The wrong way driver, who is suspected of DUI according to the Texas Department of Public Safety, survived the crash and was taken by Life Flight to Memorial Hermann Hospital. The three victims involved in the wreck were pronounced dead at the scene. The driver of the vehicle traveling the wrong direction is 42 years old and his passenger was 47. The two passengers in the other car who were killed were 25 and 27 years old. No identities are being released at this time, nor is the condition of the alleged wrong-way driver.
A 23-year-old woman has been charged in a wrong-way crash that killed two people and injured another near Conroe early Friday, according to the Montgomery County Sheriff’s Office. The crash happened on the North Freeway near Highway 242 shortly before 4 a.m. Witnesses called police reporting that a pickup truck, driven by Nicole Baukus, was traveling northbound in the southbound lanes of the freeway. Before officers had a chance to get to the scene, Baukus slammed head-on into a car carrying three people. The car driver, 19-year-old Nicole Adams, and a passenger in the back seat were killed. The other victim’s name has not been released. The third person in the car, 21-year-old David Porras, was rushed to a Houston hospital in critical but stable condition.
Baukus was also injured and taken to the hospital. Investigators determined she had been drinking. Baukus was charged with two counts of intoxication manslaughter and one count of intoxication assault. Her bond is set at $140,000. The crash shut down the freeway for several hours, forcing morning commuters to find alternate routes. These cases are, sadly, anything but unusual in Texas. Getting tanked and driving is the norm. Last year, 1,400 people were arrested for DUI on the 4th of July holiday weekend. That’s a lot of people but what does it actually mean.
More than 1,000 Texans lose their lives every year in alcohol-related car accidents. And there were more than 10,000 total deaths nationwide in 2010 due to DWI, according to the National Highway Traffic Safety Administration. Part of the problem is attitudes and laws regarding drunk driving in Texas.
Criminal status of DUI laws in Texas:
In Texas, 1st offense is a class B misdemeanor, 2nd offense within 10 years is a class A misdemeanor, subsequent offenses are 3rd degree felonies. Citation:Penal Code ??12.21, 12.22, 12.34, 49.04 & 49.09 (2)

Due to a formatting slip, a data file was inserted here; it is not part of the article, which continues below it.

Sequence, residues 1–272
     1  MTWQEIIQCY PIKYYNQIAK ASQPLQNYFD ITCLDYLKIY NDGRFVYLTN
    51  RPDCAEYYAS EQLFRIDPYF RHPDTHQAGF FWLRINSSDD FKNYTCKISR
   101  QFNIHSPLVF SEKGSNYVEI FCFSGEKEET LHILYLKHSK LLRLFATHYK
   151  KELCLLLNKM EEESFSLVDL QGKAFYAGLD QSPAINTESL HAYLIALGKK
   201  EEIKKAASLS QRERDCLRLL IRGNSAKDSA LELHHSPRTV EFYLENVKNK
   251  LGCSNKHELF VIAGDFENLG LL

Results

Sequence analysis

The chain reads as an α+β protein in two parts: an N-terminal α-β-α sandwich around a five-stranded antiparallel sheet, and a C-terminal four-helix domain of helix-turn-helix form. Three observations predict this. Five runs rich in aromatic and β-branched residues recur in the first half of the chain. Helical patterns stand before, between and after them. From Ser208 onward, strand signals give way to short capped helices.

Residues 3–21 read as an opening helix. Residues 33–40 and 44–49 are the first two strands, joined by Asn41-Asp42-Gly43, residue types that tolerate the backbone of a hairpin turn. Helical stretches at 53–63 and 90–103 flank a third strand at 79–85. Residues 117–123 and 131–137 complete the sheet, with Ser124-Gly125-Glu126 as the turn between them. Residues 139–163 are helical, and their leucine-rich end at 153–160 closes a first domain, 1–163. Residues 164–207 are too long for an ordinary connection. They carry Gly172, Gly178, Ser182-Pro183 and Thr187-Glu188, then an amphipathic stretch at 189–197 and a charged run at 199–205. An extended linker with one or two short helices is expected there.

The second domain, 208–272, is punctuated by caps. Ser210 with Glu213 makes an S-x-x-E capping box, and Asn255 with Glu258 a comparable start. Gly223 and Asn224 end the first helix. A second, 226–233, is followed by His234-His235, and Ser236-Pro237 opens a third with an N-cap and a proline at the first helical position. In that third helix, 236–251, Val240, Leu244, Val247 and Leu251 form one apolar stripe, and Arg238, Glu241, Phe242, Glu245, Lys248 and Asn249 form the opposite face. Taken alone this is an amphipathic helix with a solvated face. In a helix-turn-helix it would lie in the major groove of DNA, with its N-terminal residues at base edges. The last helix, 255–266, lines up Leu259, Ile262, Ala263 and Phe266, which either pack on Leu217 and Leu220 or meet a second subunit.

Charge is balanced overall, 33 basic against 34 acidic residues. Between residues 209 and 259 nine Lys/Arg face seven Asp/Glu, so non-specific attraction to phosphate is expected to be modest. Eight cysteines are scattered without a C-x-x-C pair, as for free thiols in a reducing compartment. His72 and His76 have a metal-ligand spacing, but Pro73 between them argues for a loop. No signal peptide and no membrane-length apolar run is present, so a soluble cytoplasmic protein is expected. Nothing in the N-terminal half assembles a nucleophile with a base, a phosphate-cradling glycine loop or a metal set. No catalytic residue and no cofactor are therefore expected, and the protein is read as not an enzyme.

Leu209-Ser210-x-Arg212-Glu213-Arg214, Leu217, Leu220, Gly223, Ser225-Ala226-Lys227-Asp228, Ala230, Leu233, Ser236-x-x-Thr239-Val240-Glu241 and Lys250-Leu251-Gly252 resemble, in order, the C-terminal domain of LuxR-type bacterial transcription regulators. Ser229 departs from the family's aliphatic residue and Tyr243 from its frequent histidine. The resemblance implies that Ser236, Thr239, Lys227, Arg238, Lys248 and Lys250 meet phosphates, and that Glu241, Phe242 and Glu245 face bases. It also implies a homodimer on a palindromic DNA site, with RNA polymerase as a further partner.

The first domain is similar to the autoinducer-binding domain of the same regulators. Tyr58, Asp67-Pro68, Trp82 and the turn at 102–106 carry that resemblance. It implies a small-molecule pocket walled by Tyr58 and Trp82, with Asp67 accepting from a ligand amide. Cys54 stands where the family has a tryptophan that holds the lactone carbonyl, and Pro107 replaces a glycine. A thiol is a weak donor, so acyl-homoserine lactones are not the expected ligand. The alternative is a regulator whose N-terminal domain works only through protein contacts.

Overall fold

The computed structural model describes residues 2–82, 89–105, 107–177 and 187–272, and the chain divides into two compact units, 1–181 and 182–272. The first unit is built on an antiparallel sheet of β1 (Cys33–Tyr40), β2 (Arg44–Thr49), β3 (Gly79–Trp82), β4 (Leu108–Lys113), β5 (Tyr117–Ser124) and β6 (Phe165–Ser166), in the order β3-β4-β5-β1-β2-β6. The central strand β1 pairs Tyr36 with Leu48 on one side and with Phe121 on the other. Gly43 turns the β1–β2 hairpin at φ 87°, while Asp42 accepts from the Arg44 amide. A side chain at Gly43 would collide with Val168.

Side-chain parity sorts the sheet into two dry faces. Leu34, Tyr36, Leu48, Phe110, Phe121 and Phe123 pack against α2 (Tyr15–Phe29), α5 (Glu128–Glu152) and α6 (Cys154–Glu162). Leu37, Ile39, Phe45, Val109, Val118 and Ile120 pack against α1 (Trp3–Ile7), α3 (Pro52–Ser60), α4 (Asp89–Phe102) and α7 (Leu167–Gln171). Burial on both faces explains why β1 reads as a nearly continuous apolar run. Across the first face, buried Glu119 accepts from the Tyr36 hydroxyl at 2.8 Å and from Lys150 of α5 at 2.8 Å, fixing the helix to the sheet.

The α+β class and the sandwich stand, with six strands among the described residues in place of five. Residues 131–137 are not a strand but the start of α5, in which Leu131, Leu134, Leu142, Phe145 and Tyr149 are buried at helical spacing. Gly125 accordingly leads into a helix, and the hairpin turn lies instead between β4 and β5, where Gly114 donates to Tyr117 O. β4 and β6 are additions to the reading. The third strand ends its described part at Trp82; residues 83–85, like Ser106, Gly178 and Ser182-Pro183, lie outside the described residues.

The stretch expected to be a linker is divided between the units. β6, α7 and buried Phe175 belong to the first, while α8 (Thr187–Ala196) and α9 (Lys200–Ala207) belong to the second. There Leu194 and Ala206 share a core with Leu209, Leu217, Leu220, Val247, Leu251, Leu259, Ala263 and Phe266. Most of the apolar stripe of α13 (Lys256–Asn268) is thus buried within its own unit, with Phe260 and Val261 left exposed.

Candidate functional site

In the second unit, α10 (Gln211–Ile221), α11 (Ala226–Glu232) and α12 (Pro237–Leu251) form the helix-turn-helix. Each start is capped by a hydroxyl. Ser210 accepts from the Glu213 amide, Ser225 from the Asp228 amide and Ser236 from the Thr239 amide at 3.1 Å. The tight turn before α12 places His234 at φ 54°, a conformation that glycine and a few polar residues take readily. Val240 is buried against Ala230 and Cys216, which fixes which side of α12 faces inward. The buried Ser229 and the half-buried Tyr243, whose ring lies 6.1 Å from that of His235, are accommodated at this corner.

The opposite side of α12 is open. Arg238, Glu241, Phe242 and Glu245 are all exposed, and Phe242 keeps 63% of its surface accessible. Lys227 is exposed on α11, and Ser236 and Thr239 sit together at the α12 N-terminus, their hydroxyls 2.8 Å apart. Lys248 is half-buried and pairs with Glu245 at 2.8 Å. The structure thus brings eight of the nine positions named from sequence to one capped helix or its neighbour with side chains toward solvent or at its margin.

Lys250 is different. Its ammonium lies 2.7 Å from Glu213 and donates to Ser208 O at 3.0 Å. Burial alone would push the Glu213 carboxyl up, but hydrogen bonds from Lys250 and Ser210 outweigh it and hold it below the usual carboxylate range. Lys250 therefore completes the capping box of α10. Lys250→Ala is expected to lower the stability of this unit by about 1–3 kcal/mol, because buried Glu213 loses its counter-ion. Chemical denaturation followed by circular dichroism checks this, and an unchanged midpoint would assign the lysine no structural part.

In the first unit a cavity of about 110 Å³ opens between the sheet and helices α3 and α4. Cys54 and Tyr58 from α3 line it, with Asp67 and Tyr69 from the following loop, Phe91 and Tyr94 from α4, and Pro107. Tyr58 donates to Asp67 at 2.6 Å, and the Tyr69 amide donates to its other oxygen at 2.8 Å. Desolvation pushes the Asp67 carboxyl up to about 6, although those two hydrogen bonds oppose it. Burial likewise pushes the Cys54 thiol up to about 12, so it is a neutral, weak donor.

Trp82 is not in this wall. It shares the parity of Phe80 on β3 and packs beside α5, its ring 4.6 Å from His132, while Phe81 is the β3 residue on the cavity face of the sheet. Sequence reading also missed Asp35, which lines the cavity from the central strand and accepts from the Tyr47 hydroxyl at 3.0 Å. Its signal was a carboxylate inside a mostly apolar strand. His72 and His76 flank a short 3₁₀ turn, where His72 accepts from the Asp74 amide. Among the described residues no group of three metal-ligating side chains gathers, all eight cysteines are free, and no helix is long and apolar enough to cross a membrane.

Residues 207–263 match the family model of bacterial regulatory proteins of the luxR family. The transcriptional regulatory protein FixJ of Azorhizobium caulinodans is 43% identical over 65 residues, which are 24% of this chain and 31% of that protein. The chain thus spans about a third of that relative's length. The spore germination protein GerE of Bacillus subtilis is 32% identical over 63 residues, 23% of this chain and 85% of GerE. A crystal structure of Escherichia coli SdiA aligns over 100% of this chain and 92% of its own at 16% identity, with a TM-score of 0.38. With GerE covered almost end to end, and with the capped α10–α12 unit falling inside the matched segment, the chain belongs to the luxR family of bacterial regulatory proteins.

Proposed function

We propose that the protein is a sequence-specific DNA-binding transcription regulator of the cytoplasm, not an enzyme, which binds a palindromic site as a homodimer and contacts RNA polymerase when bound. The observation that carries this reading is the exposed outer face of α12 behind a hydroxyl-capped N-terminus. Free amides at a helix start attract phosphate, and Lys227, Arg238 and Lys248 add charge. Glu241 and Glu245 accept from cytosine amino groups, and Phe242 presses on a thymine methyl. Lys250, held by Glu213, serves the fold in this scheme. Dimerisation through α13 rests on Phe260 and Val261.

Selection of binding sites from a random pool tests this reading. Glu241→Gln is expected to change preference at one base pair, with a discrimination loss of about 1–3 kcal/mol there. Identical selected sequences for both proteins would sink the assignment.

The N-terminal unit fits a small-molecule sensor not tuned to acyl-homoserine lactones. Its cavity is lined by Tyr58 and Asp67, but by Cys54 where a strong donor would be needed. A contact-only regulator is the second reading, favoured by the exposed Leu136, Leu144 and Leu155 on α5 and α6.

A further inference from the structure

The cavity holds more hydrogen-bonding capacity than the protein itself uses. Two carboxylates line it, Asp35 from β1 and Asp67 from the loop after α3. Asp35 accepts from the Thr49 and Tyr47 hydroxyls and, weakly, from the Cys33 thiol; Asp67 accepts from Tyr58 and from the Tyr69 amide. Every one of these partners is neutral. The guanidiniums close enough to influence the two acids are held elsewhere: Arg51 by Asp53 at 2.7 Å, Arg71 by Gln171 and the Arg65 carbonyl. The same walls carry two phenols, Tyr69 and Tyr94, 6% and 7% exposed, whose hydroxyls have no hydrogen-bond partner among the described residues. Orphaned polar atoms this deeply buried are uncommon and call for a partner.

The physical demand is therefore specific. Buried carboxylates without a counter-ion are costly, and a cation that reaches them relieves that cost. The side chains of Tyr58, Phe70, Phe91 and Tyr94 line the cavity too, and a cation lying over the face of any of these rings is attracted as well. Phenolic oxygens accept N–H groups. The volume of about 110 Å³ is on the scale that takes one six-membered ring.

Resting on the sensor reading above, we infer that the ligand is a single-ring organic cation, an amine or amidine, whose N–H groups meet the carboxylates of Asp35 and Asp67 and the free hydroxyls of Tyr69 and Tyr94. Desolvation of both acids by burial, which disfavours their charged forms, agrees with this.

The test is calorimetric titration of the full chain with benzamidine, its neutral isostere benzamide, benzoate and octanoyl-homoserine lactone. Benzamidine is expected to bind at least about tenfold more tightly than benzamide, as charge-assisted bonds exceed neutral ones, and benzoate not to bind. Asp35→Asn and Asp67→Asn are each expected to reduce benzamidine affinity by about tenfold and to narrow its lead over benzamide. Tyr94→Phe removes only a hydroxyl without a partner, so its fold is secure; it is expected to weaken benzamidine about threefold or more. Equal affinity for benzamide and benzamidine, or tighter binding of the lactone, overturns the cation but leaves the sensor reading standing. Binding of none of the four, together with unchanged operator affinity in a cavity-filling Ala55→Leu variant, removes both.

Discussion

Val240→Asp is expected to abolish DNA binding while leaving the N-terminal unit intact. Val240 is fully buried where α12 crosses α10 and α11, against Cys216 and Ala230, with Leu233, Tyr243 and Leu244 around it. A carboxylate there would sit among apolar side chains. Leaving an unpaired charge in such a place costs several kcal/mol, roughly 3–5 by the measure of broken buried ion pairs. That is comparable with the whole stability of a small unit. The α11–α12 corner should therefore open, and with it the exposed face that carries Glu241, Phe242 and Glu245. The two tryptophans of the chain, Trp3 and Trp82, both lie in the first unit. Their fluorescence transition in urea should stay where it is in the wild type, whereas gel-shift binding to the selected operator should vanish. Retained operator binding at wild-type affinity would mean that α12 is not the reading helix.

Harris County (Houston) has the highest rate of alcohol-related traffic deaths among the nation’s most populous counties, researchers say, and a series of horrific crashes blamed on drunken drivers in recent days seems to back the claim. Experts agree the county’s high DWI fatality rate is partly a byproduct of limited public transportation for the region’s 3.9 million residents and an urban sprawl leading them to drive many miles. Stepped-up enforcement by more officers patrolling the roadways at peak times for drunken driving offenses, meanwhile, keeps the county jail full of DWI suspects. Adding to the deadly mix is a stubborn reluctance to rely on designated drivers, or cabs and other services that keep the intoxicated from driving.
Here’s a dose of reality for you. District Attorney Pat Lykos told the Houston Chronicle that around 10,000 driving while intoxicated cases filed each year, has called the county’s DWI problem a “pandemic plague.” In 2009, Lykos announced a new DWI policy at a meeting of the Houston/Harris County Office of Drug Policy, which released a report noting the county has been designated the worst in the nation for alcohol-related fatalities per capita. And about 60 percent of the county’s traffic fatalities are alcohol-related, twice the national average, the report states.
Hope Rangel, head of Mothers Against Drunk Driving’s Houston-area chapter, said those who drink any amount of alcohol should not drive. “It’s about choice. We don’t have enough folks who are really being cognizant about what their responsibility as a driver is when they get behind the wheel of a car,” Rangel said. But some question that worst county designation, arguing the statistics are manipulated to make a serious problem appear worse. “I’m not saying there are no intoxicated drivers; clearly there are. But I don’t think it’s as bad as statistics make it appear,” said attorney JoAnne Musick, president of the Harris County Criminal Lawyers Association. “As far as I’ve been able to tell, the statistics don’t differentiate between those that are DWIs and those that are not.”